AlmondsIt is National Almond Day. The Almond Board of California (where seventy-five percent of the world’s commercial almond crop is grown) knew nothing about it, but. . . Almonds are best known in New Orleans for their involvement with trout amandine. That’s really a French dish, but it was once so common in New Orleans restaurants that we considered it our own until Ella Brennan and Paul Prudhomme at Commander’s Palace decided to remake the dish using pecans. Now that seems to be the city’s favorite nut-and-fish dish. Almonds are a very good thing to have hanging around your pantry, for use as an appetite-arresting snack. The oils in them are good for your cholesterol balance.

Gourmet Gazetteer

Bologna Lake is in northeastern Minnesota, nine miles from the Canadian border. This is wilderness country, the glacier-scraped lakes and marsh-lined rivers interspersing the gently rolling terrain. Bologna Lake is about a half-mile east-west and a third of a mile north-south, with a small island in its center. It drains into the well-named Frost River. Surprisingly, you don’t have to travel far to get to the nearest restaurant: Gunflint Lodge, a wilderness vacation resort right on the Canadian border.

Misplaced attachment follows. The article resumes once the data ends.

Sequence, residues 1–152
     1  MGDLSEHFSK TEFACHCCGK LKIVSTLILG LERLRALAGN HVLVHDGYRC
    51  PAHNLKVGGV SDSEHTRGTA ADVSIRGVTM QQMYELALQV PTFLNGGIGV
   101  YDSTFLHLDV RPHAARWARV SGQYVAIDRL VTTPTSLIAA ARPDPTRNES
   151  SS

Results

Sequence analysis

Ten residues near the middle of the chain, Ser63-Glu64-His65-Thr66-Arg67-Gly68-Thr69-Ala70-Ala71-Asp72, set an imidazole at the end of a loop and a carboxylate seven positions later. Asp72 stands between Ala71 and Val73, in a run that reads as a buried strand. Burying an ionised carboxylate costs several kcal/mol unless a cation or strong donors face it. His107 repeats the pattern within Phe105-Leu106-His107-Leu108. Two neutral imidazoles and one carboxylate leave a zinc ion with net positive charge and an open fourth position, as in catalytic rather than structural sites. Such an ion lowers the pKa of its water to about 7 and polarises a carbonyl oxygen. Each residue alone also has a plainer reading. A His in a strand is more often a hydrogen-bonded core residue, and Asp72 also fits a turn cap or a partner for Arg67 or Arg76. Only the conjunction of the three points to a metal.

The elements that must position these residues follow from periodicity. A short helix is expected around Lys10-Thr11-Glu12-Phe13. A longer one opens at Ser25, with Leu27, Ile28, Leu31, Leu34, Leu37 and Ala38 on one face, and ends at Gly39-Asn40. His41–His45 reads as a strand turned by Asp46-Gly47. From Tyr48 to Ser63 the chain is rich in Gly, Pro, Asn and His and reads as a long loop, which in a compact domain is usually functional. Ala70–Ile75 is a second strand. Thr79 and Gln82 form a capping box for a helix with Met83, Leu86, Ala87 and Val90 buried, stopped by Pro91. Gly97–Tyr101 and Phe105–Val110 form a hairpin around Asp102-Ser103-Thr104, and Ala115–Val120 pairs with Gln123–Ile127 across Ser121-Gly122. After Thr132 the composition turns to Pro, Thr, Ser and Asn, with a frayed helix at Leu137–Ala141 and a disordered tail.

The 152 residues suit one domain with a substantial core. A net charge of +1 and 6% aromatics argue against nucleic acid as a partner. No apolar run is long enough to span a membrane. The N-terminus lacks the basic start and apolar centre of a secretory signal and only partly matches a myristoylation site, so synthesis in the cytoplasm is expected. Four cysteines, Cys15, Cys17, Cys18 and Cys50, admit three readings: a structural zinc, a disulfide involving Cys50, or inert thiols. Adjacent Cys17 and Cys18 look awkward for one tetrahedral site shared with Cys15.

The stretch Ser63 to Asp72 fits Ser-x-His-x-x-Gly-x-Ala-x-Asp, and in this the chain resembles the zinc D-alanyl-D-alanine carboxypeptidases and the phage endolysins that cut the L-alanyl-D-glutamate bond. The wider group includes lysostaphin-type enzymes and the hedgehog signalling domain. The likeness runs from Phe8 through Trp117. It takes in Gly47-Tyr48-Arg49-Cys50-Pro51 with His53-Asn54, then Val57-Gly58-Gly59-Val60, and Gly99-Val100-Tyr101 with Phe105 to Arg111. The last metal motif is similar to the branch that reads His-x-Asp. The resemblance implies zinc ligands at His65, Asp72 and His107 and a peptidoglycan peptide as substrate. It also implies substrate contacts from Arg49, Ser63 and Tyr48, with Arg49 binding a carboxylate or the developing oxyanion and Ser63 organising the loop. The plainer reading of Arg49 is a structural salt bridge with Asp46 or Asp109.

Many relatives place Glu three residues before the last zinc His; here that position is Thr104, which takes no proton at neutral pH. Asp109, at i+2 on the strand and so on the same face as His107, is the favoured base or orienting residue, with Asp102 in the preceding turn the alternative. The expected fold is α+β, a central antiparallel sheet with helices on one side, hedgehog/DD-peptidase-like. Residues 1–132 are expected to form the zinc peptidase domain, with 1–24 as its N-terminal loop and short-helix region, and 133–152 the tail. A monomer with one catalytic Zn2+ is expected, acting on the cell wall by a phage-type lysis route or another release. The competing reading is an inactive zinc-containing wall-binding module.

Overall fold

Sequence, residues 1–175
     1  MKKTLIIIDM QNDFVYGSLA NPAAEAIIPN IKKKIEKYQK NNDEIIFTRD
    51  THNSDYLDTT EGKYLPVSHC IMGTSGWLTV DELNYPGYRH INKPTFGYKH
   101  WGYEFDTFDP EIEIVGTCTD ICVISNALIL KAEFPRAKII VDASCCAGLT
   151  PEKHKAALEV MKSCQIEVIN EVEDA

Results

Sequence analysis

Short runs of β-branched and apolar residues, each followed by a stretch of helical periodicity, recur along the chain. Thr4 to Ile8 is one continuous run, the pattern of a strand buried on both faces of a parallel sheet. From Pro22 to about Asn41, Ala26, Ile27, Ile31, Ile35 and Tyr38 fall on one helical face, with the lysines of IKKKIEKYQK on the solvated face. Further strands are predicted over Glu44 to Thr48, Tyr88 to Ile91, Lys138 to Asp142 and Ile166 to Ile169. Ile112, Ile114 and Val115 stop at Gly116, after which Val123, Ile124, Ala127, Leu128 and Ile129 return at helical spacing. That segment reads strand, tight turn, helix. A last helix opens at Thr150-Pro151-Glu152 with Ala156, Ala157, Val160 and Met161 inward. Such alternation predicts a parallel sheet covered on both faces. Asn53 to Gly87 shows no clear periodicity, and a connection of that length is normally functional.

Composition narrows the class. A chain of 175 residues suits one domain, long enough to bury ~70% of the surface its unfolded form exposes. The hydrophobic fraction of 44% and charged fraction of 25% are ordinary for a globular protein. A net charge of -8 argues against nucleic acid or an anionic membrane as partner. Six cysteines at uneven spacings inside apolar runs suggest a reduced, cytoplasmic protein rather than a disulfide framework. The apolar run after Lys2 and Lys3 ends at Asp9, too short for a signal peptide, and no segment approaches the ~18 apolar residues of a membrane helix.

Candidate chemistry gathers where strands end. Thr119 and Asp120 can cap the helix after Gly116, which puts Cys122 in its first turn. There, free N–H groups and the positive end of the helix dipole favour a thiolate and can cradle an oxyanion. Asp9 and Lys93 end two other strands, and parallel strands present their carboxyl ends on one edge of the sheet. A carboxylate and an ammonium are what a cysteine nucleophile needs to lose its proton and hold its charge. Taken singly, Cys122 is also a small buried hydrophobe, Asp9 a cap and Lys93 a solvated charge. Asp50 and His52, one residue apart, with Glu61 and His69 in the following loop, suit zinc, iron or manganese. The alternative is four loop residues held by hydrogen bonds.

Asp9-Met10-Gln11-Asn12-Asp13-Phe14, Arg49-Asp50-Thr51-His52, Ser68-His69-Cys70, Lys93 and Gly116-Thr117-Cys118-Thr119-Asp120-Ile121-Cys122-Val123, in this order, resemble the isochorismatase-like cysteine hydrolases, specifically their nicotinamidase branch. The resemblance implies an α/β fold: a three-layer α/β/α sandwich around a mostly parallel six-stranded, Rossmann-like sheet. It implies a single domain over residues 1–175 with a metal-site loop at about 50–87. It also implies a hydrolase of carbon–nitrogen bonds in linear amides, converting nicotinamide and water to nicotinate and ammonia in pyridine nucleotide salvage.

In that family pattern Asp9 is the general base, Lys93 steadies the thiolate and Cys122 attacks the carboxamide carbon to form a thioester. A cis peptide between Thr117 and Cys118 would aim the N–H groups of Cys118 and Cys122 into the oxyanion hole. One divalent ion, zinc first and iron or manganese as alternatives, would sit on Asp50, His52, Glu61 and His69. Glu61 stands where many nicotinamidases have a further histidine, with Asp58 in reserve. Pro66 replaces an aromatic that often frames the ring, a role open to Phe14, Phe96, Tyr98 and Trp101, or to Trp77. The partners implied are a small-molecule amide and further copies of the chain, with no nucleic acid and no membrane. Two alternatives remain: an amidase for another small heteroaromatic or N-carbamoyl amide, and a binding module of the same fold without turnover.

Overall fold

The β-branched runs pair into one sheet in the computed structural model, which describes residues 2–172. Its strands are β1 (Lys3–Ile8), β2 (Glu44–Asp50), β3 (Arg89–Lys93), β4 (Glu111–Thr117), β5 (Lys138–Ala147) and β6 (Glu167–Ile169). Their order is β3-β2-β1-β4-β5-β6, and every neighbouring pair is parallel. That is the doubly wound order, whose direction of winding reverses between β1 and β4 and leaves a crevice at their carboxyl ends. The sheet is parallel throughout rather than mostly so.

Edible Dictionary

amandine, [AH-mahn-deen], French, adj.–Garnished with almonds. The almonds are almost always sliced, usually thinly. By far the most common dish done amandine style is fish, with the fish either broiled or fried, and the almonds toasted and usually tossed in a butter sauce. Vegetables also get the amandine treatment, particularly green beans (a Thanksgiving classic), broccoli, and peas. Chicken amandine is not unheard of. In recent years, small rounds of brie are baked with butter and almonds, particularly in coffeeshops. Amandine usually connotes a savory dish; pastries, even with a lot of almonds, are rarely referred to with that word. A common misspelling is “almondine.”

Food Inventions

Today in 1932, in France, Jean Mantelet patented a kitchen device that evolved into the Moulinex food mill. This is a wonderful tool: you load vegetables or fruits that you want to strain into a hopper, you turn a crank, and two spring-loaded blades push the food through a metal screen with small, perforated holes. It gives, among other things, perfectly smooth mashed potatoes without messing up the texture or flavor. It’s a very handy gizmo than not enough American kitchens have.

Ancient Drinks

Pharoah Tutankhamen’s tomb was opened on this date in 1923. The discoverers were surprised to find unopened bottles of Champagne in there. The Pharoah’s favorite bubbly appeared to be Tuttinger.

Annals Of Food Research

On this date in 1932, the first patent ever issued for a tree went to James Markham, who developed a new variety of peach. Its principal asset was that it ripened later than other varieties. So it was mostly a marketing thing.

Food On The Air